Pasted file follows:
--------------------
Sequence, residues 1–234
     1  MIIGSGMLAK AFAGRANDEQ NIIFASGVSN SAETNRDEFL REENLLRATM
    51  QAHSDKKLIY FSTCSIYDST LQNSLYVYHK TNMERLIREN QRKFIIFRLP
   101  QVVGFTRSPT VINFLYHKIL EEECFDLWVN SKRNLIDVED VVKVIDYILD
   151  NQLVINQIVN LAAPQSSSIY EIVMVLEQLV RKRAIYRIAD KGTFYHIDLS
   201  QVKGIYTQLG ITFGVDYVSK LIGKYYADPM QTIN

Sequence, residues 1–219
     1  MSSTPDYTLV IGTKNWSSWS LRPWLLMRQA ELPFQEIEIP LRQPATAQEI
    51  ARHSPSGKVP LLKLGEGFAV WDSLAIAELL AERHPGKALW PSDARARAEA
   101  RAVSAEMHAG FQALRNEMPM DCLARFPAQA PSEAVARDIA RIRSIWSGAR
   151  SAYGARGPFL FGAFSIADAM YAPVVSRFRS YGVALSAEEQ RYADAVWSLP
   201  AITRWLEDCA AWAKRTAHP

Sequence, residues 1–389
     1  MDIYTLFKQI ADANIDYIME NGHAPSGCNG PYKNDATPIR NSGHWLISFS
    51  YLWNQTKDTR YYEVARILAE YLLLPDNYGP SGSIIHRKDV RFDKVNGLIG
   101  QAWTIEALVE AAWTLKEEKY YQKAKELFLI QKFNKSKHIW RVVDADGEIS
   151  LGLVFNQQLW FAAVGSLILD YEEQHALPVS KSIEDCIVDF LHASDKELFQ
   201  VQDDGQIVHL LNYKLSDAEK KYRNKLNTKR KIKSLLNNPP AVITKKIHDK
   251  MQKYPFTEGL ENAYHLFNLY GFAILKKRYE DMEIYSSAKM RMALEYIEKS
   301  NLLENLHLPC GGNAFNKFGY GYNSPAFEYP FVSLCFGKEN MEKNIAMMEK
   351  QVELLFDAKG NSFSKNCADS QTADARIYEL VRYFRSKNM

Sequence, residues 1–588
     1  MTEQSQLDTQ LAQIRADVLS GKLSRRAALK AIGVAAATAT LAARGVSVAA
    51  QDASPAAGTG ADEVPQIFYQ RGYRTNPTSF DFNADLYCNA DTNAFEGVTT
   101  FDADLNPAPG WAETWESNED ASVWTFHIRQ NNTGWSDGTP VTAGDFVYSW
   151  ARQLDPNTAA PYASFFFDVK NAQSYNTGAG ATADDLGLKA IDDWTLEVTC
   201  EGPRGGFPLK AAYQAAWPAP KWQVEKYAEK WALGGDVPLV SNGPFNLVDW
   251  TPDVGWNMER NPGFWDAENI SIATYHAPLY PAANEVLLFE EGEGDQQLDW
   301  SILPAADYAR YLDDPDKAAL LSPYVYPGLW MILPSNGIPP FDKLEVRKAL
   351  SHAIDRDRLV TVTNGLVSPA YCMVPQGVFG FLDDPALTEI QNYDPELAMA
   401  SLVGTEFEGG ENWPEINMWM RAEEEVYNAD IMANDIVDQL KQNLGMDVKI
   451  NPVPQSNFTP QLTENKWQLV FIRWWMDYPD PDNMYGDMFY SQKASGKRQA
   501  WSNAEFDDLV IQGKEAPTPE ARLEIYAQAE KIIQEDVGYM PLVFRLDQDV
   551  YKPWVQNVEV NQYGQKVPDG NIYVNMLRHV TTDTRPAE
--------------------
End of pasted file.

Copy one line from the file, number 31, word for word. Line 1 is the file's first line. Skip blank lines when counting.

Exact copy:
   401  SLVGTEFEGG ENWPEINMWM RAEEEVYNAD IMANDIVDQL KQNLGMDVKI